Looking into 2017, First National Bank (FNB) expect to see some decline in estimated levels of foreigner buying property in South Africa for two reasons. Firstly, FNB says the country goes into 2017 with significantly more expensive local property from many foreigners’ points of view, given the strengthening of the Rand last year.
Secondly, there have been some concerns that global housing markets have run hard for a number of years, and that they may be due to some correction. Housing’s global popularity as an investment is thus expected moderate somewhat.
Some comeback in the Rand through 2016 left domestic property significantly higher for foreign buyers. This, along with arguably very high global property values, raising concerns of a slowdown in housing markets, may cause some decline in estimated foreigner buying of domestic property in SA in 2017, after a solid 2016
The FNB House Price Index, when denominated in certain major foreign currencies, points to a sharp average increase in South African home values for some aspirant foreign buyers in the latter stages of 2016. This is especially the case for UK Pound investors, with the Pound having suffered severely at the hands of last year’s Brexit vote (the referendum vote in favour of the UK leaving the European Union).
In US Dollar terms, the FNB House Price Index rose year-on-year by 9.4%, and a slightly more significant 12.9% year-on-year in Euro terms. But in Pound terms the increase was a very sharp 31.2%.
South African residential property has thus become more expensive late in 2016 for buyers from the UK, Eurozone and US, particularly in the UK case.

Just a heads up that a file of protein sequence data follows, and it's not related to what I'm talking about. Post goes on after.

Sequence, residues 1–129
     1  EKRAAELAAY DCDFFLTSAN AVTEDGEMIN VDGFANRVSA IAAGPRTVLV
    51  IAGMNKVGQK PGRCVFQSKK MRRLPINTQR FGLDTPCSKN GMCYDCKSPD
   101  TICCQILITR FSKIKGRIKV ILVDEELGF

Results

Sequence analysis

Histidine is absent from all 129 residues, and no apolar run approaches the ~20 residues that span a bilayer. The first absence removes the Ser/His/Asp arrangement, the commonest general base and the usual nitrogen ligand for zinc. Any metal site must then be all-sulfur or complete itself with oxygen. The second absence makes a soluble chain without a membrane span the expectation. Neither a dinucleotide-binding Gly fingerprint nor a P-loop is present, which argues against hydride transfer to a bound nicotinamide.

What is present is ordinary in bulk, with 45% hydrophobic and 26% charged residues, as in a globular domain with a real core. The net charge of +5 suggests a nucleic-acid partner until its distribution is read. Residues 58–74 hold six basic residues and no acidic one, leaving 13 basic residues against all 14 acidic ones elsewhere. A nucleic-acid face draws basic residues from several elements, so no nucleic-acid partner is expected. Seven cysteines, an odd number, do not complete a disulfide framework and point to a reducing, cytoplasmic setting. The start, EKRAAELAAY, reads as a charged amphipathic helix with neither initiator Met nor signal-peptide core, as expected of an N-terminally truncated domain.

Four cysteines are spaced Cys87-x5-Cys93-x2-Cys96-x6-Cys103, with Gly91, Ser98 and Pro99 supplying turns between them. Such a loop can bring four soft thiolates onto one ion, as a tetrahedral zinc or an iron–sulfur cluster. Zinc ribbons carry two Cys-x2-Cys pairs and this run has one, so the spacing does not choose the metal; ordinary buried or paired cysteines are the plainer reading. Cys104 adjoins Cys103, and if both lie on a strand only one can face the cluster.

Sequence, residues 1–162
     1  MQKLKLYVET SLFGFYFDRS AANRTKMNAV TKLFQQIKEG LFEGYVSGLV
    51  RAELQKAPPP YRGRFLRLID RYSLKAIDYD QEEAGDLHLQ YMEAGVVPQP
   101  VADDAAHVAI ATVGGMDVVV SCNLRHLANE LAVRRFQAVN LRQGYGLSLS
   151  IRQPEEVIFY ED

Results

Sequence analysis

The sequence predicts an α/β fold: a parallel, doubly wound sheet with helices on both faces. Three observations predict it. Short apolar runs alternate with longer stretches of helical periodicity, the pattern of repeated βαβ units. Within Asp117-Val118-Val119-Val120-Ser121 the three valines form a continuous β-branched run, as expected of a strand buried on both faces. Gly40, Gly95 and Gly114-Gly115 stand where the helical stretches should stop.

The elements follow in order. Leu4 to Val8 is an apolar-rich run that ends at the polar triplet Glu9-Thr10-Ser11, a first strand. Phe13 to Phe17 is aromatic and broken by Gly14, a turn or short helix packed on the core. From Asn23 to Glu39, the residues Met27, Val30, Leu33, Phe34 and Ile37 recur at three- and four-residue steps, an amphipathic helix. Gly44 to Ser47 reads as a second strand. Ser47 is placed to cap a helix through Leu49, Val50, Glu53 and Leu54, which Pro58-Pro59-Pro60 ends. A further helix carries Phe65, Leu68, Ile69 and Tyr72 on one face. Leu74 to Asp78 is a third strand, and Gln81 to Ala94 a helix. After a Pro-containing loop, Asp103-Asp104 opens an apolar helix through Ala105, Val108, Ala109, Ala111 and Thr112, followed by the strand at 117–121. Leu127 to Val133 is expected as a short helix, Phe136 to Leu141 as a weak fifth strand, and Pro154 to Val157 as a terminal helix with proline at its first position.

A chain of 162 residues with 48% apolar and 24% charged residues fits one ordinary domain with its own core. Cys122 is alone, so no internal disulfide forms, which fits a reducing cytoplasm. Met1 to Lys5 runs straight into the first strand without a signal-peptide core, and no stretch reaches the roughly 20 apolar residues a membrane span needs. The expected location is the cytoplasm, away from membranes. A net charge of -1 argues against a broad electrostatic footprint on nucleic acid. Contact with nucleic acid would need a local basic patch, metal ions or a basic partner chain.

This Rand-driven increase in foreign-denominated values could conceivably have had something of a dampening impact on foreigner demand for domestic property.
However, FNB believes the key driver of foreigner housing demand to be more related to the popularity of property as an asset class globally, and indeed 2016 was another generally strong year for global housing.
The result is that in its 2016 FNB Estate Agent Survey the bank did not see any noticeable decline in estimated foreigner demand for housing for the year on average, although late in the year we may well have seen foreigner demand showing signs of “leveling out”.
In the FNB Estate Agent Survey, FNB asked the sample of agents surveyed (predominantly in the 6 major metros of the country) to estimate the number of foreign citizens buying homes domestically as a percentage of total home buying. For 2016 as a whole, the average estimate of foreigner buying was 5.2% of total home buying. Despite the rand strengthening through the year, the average for 2016 turned out a little higher than the 5% and 4.5% for 2014 and 2015 respectively.
Admittedly, though, the more significant recovery in foreigner buying came in the years 2011 to 2014. After a low of 2.8% in 2010, the estimate rose steadily to 5% in 2014, thereafter not having moved too significantly. So despite a slightly better estimate in 2016, the bank says it could arguably say that 2015 and 2016 represent a broad leveling out in the level of foreigner buying following prior years’ strengthening.
AFRICAN CONTINENT FOREIGNER BUYING
Finally, 2016 saw a continuation of the multi-year rising trend in foreign buyers from the rest of the African continent, expressed as a percentage of total foreign buyers of domestic housing.
From a 10.5% low in 2010, this percentage has risen to a 27.95% average for 2016, the highest annual average estimate for African Continent buyers since FNB started this survey question back in 2009.